The Origins of Our Current Water Management:

Agribusiness Development Corporation (ADC) as State Licensor of West Kaua‘i Ag Lands,

and Kekaha Agriculture Association (KAA) as a "Tenant Association" land manager

 

 

ADC = Agribusiness Development Corporation:

ADC is a state entity under the Hawaii State Department of Agriculture. ADC licenses thousands of acres of our westside state agricultural lands to several corporate licensees.  Those licensees are members of a "not for profit" entity called Kekaha Agriculture Association or "KAA" (see more about KAA below). While ADC is ultimately legally responsible for the management of its state agricultural lands, ADC and KAA signed a Memorandum of Agreement on April 1, 2007 (amended in 2008) that gave KAA the responsibility of managing the ditches and ditch diversions of the Waimea River. This agreement allows KAA to manage west Kaua'i waters at its discretion and for the benefit of the KAA land license holders. 

 

KAA = Kekaha Agricultural Association:

KAA is a private, dues-paying membership group consisting of licensees or sub-licensees of ADC's west Kaua‘i lands. KAA is primarily financed and beneficially administered by large or multinational companies including, as of 2021: Corteva Agriscience (a successor entity of a merger between Dow Chemical (through Dow AgroSciences) and DuPont Pioneer (through Pioneer Hi-Bred International) established in 2018, Hartung Brothers, Inc., a contract grower (as direct licensees and sublicensees of lands leased by Syngenta), BASF (a chemical corporation that acquired Bayer agricultural businesses and assets from Monsanto in 2018), and Sunrise Capital (a shrimp farm).  KAA's proven wasting and dumping of Waimea River waters through the Koke‘e and Kekaha Ditches violates Hawaii's water laws resulted in a historic 2017 Mediation Agreement. This Agreement mandated that ADC and KAA alter its river diversions, and monitor and restore waters to the Waimea River.

How Our Waters are Being Managed:

Unlawful Waste and Outright Dumping of Diverted River Water

 

In July 2013 Po‘ai Wai Ola and Earthjustice submitted a complaint and petition for a declaratory order against the waste of water diverted from the Waimea River system by the state Agribusiness Development Corporation (“ADC”) and its land manager, the tenant association called Kekaha Agriculture Association (“KAA”) (collectively, “ADC/KAA”).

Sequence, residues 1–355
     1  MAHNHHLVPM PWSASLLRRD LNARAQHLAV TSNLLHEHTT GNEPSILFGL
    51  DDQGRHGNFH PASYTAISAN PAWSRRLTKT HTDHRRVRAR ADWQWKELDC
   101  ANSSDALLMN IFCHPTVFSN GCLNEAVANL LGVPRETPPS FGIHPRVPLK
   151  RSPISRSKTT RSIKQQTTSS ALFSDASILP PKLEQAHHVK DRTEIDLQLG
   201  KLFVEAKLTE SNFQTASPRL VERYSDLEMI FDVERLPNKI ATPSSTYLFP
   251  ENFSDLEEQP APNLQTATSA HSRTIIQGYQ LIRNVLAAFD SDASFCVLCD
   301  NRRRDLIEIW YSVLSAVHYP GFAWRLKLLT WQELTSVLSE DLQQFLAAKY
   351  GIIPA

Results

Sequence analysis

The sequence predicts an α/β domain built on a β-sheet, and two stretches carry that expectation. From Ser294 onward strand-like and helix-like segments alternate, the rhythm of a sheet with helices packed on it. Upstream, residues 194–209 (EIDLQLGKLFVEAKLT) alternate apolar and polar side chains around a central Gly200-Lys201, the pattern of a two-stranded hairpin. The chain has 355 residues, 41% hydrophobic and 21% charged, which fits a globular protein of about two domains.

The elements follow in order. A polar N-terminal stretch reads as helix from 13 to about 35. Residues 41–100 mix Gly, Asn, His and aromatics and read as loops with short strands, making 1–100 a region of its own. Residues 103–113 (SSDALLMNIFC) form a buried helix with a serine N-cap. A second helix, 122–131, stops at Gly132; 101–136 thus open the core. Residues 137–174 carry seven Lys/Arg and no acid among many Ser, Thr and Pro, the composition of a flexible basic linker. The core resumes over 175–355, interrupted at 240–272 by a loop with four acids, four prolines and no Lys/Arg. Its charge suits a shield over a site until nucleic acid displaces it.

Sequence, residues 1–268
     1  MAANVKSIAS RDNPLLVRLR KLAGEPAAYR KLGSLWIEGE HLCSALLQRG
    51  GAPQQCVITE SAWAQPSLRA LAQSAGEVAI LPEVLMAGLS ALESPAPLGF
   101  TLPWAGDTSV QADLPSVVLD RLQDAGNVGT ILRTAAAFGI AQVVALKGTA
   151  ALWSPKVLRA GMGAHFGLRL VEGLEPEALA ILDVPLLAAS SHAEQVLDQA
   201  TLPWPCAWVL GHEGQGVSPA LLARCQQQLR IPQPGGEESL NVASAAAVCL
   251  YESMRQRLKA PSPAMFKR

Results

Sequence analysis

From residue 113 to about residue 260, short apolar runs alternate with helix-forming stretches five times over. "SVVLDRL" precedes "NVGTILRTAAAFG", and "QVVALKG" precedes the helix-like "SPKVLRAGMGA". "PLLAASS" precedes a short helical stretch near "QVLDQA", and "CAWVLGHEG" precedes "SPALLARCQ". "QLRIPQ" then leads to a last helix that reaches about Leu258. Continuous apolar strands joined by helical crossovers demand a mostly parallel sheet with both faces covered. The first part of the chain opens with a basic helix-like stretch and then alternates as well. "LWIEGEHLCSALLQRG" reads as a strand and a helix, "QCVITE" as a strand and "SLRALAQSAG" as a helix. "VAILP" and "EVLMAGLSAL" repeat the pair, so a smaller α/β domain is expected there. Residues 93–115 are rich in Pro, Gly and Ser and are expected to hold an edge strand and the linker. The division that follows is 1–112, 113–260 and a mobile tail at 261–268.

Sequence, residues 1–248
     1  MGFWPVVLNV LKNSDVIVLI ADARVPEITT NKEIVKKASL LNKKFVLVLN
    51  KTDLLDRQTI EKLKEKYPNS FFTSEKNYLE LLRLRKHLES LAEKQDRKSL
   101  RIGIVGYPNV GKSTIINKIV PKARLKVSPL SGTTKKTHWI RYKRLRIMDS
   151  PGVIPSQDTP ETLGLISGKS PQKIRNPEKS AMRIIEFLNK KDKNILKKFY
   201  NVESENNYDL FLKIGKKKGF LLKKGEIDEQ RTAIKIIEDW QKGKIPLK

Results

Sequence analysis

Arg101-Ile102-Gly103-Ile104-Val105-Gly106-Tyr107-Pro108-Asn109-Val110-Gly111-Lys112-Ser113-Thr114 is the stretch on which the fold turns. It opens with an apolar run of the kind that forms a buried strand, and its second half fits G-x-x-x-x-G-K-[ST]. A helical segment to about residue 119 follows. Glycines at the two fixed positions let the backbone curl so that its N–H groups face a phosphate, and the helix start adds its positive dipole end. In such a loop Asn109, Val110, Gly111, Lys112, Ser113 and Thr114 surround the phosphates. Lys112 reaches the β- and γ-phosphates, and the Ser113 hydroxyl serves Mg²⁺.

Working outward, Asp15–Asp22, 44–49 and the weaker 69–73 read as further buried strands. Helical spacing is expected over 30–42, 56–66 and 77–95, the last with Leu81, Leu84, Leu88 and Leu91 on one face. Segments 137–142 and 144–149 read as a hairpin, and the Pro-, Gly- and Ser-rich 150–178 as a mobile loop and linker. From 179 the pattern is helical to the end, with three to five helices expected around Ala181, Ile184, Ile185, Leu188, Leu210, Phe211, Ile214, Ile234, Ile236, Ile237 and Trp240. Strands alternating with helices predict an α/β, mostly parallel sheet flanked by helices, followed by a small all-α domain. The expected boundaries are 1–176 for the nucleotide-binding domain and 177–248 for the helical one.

As explained in their legal filing, despite the closure of the Kekaha Sugar plantation, ADC/KAA continued the large-scale diversions of the Kekaha and Koke‘e Ditches resulting in continued dumping of diverted river water. The legal filing demanded that excess diversions immediately cease and interim instream flow standards ("IIFS") be amended for the Waimea River and its headwaters and tributaries. This case led to a historic Mediation Agreement in 2017 under which the state assigned ADC, KAA and the local Kaua‘i utility company with responsibilities to alter its ditch diversions, set up monitoring equipment and measure water flows. As of 2021 despite having legally agreed to do so in 2017, ADC has not yet fulfilled such responsibilities.

 

Following is a background (with source citations) on the management history of our water, how ADC and KAA came to be appointed the west Kaua'i water managers of the Koke'e and Kekaha Ditch systems that divert water from the Waimea River, and how they presently manage our waters.

 

__________

The Origins of Current Water Diversions

 

A flourishing, self-sufficient ahupua'a based Waimea community changed dramatically in the late 1800's with the arrival of the sugar industry. The extensive lo‘i kalo from mauka to makai went fallow as “most of the water [was] taken higher up by the Kekaha Plantation ditch.” (Native Planters at 402).

 

In the late 1870s, Kekaha Sugar began planting sugar cane on fifty acres in the then-vast marshlands in Kekaha and Mana, which it leased from the Hawaiian government. (Carol Wilcox, Sugar Water 92 (1996); Deborah Saito & Susan Campbell, Hawaiian Sugar Planters’ Association Plantation Archives, Register of the Kekaha Sugar Company, 1880-1946 1 (1986), available at http://www2.hawaii.edu/~speccoll/m_plantations.html).